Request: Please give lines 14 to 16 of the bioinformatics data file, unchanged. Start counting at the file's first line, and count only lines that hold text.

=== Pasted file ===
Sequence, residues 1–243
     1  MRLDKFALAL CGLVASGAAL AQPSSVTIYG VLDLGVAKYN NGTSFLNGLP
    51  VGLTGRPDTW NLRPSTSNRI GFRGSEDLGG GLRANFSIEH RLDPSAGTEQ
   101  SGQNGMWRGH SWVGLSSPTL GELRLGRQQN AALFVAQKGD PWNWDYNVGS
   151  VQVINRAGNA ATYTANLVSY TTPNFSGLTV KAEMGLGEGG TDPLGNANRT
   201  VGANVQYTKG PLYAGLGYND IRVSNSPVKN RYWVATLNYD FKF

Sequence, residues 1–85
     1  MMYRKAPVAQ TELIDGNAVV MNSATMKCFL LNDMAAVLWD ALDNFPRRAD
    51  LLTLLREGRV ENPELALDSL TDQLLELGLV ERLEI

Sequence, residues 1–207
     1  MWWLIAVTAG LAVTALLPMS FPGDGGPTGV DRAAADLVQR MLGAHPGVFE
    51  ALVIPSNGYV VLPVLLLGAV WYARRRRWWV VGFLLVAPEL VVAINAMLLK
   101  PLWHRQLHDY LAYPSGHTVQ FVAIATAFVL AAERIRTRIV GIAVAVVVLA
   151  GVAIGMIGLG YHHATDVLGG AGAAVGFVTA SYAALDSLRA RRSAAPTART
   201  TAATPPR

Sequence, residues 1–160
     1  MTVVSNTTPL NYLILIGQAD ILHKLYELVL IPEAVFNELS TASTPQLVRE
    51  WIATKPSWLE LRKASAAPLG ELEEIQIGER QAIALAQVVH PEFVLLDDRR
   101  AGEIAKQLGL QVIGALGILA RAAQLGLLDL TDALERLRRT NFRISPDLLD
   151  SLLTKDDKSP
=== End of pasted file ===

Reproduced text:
   151  GVAIGMIGLG YHHATDVLGG AGAAVGFVTA SYAALDSLRA RRSAAPTART
   201  TAATPPR

Sequence, residues 1–160